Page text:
Published on Save Access (

Cable access could face cut

By saveaccess
Created 06/03/2006 - 1:11pm

From: Worcester Telegram and Gazette [1]

Cable access could face cut
Funding affects public channels

Jun 3, 2006

WORCESTER— The city’s three public access television channels could lose nearly $700,000 in annual funding under major telecommunications legislation before Congress, according to a recent report by the Washington, D.C.-based Alliance for Community Media.

The legislation aims at creating greater local competition to lower costs for cable TV, Internet and telephone customers, and includes provisions that could alter the traditional “net neutrality,” changing the equal access that exists for all Internet Web sites.

One section of the bill would adjust how public access stations are funded. The report analyzing the potential losses states that Worcester’s channels would lose about 70 percent of the $985,000 they now receive. Other projected losses in the state range from 50 percent in Fall River to 84 percent in Cambridge and Holliston.

“It’s very serious and very important, especially for those of us who believe in democratic media and particularly community media,” said WCCA Executive Director Mauro DePasquale.

The House is expected to vote this month on the Communications Opportunity, Promotion and Enhancement Act. The Senate Committee on Commerce, Science and Transportation is reviewing its own version.

Currently, Worcester’s 56,000 cable subscribers fund the city’s public access stations — Channels 11, 12 and 13 — through a fee based on 5 percent of Charter Communications’ annual revenues. Both the House and Senate bills would base public access funding on 1 percent of cable providers’ annual revenues.

Charter provides cable, Internet and telephone service in the Worcester area.

Public access advocates shouldn’t be concerned with the COPE bill, according to Terry Lane, a spokesman for Rep. Joe L. Barton, R-Texas, chief sponsor of the bill. Since the bill requires that 1 percent of cable providers’ revenues be devoted to public access funding everywhere they provide service, Mr. Lane said, some localities with no public access outlet will be guaranteed funds to start one.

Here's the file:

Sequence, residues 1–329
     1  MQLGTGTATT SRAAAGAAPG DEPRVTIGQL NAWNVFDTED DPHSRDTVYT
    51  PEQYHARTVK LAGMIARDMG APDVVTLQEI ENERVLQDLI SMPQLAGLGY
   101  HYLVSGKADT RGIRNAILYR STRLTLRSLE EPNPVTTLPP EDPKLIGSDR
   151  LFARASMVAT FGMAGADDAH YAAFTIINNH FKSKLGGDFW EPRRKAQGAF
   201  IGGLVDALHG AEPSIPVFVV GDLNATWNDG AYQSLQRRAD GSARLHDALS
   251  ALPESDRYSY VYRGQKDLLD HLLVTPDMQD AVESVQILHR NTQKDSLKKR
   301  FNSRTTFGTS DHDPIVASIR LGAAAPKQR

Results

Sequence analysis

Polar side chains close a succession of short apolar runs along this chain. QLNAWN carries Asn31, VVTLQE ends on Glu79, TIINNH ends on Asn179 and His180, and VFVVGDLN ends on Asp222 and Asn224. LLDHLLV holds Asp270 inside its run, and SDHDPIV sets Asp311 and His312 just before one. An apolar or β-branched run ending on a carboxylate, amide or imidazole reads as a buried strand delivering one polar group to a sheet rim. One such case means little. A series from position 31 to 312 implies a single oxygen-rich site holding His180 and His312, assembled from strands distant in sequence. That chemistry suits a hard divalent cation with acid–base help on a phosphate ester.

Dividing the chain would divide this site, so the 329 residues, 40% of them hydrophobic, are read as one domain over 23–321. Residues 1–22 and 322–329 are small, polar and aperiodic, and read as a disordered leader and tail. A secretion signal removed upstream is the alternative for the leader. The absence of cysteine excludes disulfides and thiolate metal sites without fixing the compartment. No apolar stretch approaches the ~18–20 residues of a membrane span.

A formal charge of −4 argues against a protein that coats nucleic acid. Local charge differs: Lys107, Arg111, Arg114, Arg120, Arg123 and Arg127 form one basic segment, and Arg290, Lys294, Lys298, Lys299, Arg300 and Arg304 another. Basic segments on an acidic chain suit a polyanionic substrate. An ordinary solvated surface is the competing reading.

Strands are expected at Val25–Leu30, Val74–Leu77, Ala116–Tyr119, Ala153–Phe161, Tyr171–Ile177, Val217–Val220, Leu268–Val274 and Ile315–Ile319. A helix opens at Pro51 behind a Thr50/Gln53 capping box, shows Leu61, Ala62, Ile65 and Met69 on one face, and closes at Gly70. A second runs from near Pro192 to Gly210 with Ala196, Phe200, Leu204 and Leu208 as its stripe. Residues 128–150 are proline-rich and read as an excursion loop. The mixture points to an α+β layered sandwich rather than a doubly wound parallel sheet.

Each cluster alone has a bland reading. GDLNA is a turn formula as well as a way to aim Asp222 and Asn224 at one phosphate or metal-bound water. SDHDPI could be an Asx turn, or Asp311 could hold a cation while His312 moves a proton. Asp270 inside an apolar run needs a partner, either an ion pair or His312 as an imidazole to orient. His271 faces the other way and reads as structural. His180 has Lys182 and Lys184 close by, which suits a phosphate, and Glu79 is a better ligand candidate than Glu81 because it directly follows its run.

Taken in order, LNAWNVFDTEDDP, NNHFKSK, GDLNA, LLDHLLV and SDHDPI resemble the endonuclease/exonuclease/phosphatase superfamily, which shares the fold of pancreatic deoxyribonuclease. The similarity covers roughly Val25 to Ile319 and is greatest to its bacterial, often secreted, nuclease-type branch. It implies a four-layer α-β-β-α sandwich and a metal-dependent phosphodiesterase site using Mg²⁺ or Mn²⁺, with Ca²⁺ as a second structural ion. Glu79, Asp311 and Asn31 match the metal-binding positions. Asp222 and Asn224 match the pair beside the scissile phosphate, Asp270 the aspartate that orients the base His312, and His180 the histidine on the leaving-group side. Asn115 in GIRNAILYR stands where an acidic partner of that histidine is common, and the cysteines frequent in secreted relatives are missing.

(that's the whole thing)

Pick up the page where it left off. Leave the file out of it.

“There’s a potential that this could actually increase funding for some (localities),” he said.

If the COPE Act becomes law, local governments would collect 6 percent of telecommunications providers’ annual revenues, of which one-sixth — 1 percent of providers’ revenues — would be guaranteed for public access. Local governments would have the option of using the rest of the funds for public access, Mr. Lane said.

“We looked at it nationally,” he said. “We think the 1 percent number is balanced and equitable.”

The centerpiece of the COPE bill, supporters say, could lower costs for cable, Internet and telephone users because multiple companies would be allowed to compete in a single locality. According to Mr. Lane, the bill’s backers expect competition to bring down rates.

But this issue should not be boiled down to cost, COPE critics say.

“It’s more than a consumer issue. It’s really a civic issue,” Mr. DePasquale said. “Is it really that important for me or someone else to watch ‘Desperate Housewives’ a little cheaper? Or is it more important to have an open forum for civic dialogue and a place for cities to mobilize and engage citizens?”

Public access stations allow citizens to produce local programs that commercial media may not otherwise produce.

Mr. DePasquale joined others at the Statehouse last Wednesday to speak out against the legislation in Congress. Similar “National Day of Out(r)age” protests were conducted in New York, Chicago, San Francisco and other cities.

According to David S. Isenberg, a fellow at Harvard Law School’s Berkman Center for Internet and Society, a diverse coalition has emerged to oppose the legislation because of the potentially far-reaching effects. Opponents of the legislation include liberal advocacy group, the Christian Coalition and financial service companies, among others. Worcester City Council passed a resolution last fall opposing an earlier version of the COPE bill.

Many opponents say they are focusing on provisions in the bill that could let Internet service providers charge Web sites in exchange for greater bandwidth, which would allow those sites that pay to load faster than others. This would end what many call “net neutrality.”

“Suppose your telephone company chose which blogs it would give you access to, or which newspapers, or block controversial content as a service to you,” Mr. Isenberg said. “We’re talking freedom of the press here and freedom of speech.”

The legislation comes 10 years after Congress passed the 1996 Telecommunications Act, which largely deregulated the telecommunications industry and allowed companies to expand to provide cable, Internet and telephone services. Major telecommunications companies, such as Verizon and AT&T, have pushed for passage.

St. Louis-based Charter, which provides cable, Internet and telephone service in much of Central Massachusetts, has not joined with Verizon and AT&T to push for the pending legislation, said Edward S. Goldstein, a vice president of government relations at Charter. It could be too early to tell what the legislation’s potential impact could be on Charter’s services, he added.

“If the lawmakers set this up fairly, that should be good for the consumer,” he said. “There’ll certainly be more choice: different packages of services, different customer service operations.”

Source URL: